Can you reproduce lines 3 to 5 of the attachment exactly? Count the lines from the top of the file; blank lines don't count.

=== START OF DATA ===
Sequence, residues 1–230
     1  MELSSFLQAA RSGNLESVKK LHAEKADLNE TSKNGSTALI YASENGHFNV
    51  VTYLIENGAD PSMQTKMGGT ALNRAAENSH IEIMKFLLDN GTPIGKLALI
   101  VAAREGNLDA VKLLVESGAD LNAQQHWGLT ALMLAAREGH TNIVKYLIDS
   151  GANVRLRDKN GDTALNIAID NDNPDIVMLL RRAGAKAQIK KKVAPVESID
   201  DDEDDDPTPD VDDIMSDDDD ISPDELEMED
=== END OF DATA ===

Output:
    51  VTYLIENGAD PSMQTKMGGT ALNRAAENSH IEIMKFLLDN GTPIGKLALI
   101  VAAREGNLDA VKLLVESGAD LNAQQHWGLT ALMLAAREGH TNIVKYLIDS
   151  GANVRLRDKN GDTALNIAID NDNPDIVMLL RRAGAKAQIK KKVAPVESID